Focusing on the rich Park family and the poor Kim family who concoct a scheme to find jobs working for the Parks, Bong Joon Ho’s latest film Parasite is as much a film about architecture and levels as it is about the lives of families in different classes. The first shot we see is of a window in a dull semi-basement apartment that is being penetrated by the light of the street above. The nuance of this shot alone and the fact that one could write entire paragraphs on just this image and its significance is a true testament to both the production design and Bong’s genius.
Like this shot, every scene in this film has not one purpose, but many. Every camera angle; every line; every position a character is portrayed in are all significant and immaculately thought out to illustrate Bong’s complex and nuanced critique of the class system under capitalism: a critique he displays with great complexity. Too many discussions surrounding this topic display the class divide in far too simplistic a manner. Parasite, however, recognises that powerful and poignant social critiques are far from easy or simple to make as while this film contains protagonists, there are no heroes. Bong does not only call into question the class structure but its effects on morality- particularly to those within the lower classes.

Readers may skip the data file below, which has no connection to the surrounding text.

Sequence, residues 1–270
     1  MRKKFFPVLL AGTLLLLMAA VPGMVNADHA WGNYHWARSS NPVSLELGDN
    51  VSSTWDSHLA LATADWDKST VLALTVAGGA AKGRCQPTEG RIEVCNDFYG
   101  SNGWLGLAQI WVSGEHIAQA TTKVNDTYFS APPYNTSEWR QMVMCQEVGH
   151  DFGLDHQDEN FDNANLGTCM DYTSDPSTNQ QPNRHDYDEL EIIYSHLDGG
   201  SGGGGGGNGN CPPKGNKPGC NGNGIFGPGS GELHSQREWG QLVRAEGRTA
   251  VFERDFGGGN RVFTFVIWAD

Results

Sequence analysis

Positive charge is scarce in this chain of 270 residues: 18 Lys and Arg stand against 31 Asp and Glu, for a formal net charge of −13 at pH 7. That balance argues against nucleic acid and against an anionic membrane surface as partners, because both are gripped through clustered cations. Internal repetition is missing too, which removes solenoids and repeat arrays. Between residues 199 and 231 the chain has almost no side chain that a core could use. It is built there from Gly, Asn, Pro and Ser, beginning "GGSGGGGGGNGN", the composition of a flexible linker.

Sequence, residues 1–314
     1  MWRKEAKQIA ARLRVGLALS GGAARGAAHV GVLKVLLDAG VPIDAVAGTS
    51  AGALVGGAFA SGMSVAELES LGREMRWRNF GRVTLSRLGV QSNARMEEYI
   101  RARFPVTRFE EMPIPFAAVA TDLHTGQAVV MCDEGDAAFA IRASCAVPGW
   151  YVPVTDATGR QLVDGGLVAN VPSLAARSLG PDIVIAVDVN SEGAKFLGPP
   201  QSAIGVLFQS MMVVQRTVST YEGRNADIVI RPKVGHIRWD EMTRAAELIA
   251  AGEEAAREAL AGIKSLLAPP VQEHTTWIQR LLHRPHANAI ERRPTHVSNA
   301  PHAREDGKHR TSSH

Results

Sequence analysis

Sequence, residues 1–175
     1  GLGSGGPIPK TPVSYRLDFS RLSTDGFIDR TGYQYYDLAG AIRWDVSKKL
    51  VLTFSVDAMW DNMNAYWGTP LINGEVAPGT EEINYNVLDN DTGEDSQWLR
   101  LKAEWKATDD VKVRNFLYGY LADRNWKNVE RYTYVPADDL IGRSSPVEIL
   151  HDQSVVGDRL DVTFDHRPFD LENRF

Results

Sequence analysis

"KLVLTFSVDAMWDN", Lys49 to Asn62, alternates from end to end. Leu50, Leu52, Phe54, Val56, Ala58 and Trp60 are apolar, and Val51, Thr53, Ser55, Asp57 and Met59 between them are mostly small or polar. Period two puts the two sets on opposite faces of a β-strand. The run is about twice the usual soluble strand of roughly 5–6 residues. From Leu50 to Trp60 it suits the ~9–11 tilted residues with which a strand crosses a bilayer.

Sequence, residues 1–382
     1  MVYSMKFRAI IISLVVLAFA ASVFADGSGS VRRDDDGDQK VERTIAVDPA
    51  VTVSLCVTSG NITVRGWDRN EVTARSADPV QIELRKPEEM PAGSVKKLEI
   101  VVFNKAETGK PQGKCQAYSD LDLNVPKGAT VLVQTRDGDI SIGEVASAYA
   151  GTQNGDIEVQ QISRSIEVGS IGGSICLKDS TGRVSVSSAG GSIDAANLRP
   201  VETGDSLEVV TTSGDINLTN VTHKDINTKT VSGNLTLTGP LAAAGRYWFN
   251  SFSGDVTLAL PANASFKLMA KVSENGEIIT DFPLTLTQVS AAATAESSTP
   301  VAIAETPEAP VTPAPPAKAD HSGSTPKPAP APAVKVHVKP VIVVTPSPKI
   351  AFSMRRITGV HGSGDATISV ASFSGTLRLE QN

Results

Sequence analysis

But these heavy and poignant points never become pretentious or heavy-handed, as Bong and his co-writer, Jin Won Han, create a masterful dialogue that is subtle yet effective, humorous yet unsettling, nuanced yet immediately provocative. Just like everything else within this film, this humour and tension are always used with a purpose and to make a statement. Furthermore, on top of this amazing dialogue are the terrific performances by the entire cast who were sadly and rather frustratingly all snubbed of well deserved Oscar nominations. However, while the entire cast gave amazing and nuanced performances, I feel the need to highlight both Song Kang Ho (as Kim Ki-taek) and Lee Jung Eun (as Moon-gwang) as particular standouts within the cast.
I can say without any doubt that this is Bong’s magnum opus. Parasite is a true display of a master at work that everyone should watch, if not for its sheer excellence but for its amazing and relevant social commentary. Parasite is a haunting and compelling watch that refuses to leave you after you’ve left it, not because what is so unsettling is unknown and mysterious, but because it is undeniably real and inescapable.
Words by Emma Reilly